Supplemental Material 14 Correlations of microbial community structure in the water column (MDS analyses) across all dates at the same collection site to physicochemical and hydrological data described in Menning et al. (2015). Only correlations with r2 values greater than 0.20 are shown and all are statistically significant (p < 0.01). (XLSX 10 kb)
12237_2017_281_MOESM15_ESM.xlsx (10 kb)
Supplemental Material 15 Correlations of microbial community structure in the sediment (MDS analyses) across all dates at the same collection site to physicochemical and hydrological data described in Menning et al. (2015). Only correlations with r2 values greater than 0.20 are shown and all are statistically significant (p < 0.01). (XLSX 10 kb)
12237_2017_281_MOESM16_ESM.xlsx (11 kb)
Supplemental Material 16 DistLM analysis of the variables explaining trends in water column and sediment microbial absolute OTU abundances. (XLSX 10 kb)
12237_2017_281_MOESM17_ESM.xlsx (15 kb)
Supplemental Material 17 BEST analysis of the variables explaining trends in water column microbial absolute OTU abundance. (XLSX 15 kb)
12237_2017_281_MOESM18_ESM.xlsx (16 kb)
Supplemental Material 18 BEST analysis of the variables explaining patterns in sediment microbial absolute OTU abundance. (XLSX 15 kb)
12237_2017_281_MOESM19_ESM.xlsx (14 kb)
Supplemental Material 19 Partial correlation analyses of estimated microbial absolute abundance in the water column and sediment to hydrological and physicochemical data described in Menning et al. (2015) controlling for collection site without late summer and fall 2012 collections. All values shown are statistically significant (p < 0.025). (XLSX 14 kb)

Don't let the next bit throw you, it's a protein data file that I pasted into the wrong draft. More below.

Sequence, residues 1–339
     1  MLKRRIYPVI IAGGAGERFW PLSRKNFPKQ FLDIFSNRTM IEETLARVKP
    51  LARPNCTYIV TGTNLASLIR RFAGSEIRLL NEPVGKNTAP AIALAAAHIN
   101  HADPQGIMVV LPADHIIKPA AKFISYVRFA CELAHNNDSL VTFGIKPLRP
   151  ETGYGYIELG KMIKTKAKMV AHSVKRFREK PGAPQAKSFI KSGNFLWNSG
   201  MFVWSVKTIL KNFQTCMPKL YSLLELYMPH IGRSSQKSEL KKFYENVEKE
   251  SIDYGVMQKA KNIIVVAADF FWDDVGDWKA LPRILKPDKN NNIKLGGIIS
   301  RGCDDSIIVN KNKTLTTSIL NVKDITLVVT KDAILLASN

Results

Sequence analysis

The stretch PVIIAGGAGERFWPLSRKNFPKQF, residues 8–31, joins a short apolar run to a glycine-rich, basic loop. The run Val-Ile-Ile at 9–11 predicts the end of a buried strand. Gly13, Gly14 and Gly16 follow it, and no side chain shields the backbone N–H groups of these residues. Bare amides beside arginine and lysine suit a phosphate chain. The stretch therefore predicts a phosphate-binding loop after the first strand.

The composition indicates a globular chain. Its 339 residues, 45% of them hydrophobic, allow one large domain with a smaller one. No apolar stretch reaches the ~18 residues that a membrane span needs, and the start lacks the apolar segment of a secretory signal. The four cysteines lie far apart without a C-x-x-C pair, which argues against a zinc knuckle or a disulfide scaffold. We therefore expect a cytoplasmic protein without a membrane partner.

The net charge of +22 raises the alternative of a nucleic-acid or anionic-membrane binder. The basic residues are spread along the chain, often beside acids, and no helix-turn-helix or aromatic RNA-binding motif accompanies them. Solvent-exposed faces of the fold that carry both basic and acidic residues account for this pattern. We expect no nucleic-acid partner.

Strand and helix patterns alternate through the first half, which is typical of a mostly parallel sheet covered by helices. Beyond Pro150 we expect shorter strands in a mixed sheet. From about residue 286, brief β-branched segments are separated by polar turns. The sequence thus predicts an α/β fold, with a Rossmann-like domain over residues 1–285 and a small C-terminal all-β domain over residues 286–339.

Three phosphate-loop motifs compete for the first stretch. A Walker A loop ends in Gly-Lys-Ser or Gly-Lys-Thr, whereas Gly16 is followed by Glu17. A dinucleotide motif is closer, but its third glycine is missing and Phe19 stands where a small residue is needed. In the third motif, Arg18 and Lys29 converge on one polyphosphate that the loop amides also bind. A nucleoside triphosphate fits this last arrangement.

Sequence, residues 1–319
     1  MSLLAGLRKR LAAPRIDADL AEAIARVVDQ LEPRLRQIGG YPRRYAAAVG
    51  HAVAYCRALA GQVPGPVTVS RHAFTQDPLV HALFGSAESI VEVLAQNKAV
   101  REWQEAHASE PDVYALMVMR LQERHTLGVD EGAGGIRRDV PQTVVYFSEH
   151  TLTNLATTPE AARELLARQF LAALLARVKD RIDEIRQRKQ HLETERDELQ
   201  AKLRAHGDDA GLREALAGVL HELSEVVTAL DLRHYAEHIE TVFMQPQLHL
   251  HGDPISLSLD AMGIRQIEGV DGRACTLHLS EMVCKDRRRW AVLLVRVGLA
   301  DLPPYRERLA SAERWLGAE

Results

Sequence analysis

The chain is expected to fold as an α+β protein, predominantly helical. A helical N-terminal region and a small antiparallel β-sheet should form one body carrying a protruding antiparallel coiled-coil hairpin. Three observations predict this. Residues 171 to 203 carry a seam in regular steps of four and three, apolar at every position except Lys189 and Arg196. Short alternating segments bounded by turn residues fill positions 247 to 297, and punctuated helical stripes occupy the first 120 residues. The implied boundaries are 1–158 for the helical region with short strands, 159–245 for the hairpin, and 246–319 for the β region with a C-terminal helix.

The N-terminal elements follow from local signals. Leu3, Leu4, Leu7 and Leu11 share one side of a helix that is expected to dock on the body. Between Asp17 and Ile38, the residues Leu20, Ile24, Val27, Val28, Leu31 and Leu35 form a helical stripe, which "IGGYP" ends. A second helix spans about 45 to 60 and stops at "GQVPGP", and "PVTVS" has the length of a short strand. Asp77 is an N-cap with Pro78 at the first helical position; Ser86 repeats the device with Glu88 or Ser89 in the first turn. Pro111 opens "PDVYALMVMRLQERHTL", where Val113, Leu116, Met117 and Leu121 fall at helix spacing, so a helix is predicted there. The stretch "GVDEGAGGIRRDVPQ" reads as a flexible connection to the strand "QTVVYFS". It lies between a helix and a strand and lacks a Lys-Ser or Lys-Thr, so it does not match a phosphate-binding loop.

12237_2017_281_MOESM20_ESM.xlsx (15 kb)
Supplemental Material 20 Partial correlation analyses of microbial OTU richness in the water column and sediment to hydrological and physicochemical data described in Menning et al. (2015) controlling for collection site without late summer and fall 2012 collections. All values shown are statistically significant (p < 0.025). (XLSX 14 kb)

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Copyright information

© Coastal and Estuarine Research Federation 2017

Authors and Affiliations

  • Damian M. Menning
    • 1
  • William A. Carraher-Stross
    • 1
  • Elaina D. Graham
    • 1
  • Devon N. Thomas
    • 1
  • Annie R. Phillips
    • 1
  • Robert J. Scharping
    • 1
  • James R. Garey
    • 1
    Email author
  1. 1.Department of Cell Biology, Microbiology, and Molecular BiologyUniversity of South FloridaTampaUSA